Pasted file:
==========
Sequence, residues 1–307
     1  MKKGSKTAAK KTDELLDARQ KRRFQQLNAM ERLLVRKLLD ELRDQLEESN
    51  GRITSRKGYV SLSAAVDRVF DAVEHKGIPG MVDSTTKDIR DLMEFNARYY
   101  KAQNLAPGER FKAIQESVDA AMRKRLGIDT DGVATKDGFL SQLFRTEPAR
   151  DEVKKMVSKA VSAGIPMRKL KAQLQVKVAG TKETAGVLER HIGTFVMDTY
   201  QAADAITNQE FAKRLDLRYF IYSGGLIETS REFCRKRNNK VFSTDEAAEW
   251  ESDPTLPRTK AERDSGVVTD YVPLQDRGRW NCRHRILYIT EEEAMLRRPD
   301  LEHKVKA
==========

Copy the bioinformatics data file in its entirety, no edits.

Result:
Sequence, residues 1–307
     1  MKKGSKTAAK KTDELLDARQ KRRFQQLNAM ERLLVRKLLD ELRDQLEESN
    51  GRITSRKGYV SLSAAVDRVF DAVEHKGIPG MVDSTTKDIR DLMEFNARYY
   101  KAQNLAPGER FKAIQESVDA AMRKRLGIDT DGVATKDGFL SQLFRTEPAR
   151  DEVKKMVSKA VSAGIPMRKL KAQLQVKVAG TKETAGVLER HIGTFVMDTY
   201  QAADAITNQE FAKRLDLRYF IYSGGLIETS REFCRKRNNK VFSTDEAAEW
   251  ESDPTLPRTK AERDSGVVTD YVPLQDRGRW NCRHRILYIT EEEAMLRRPD
   301  LEHKVKA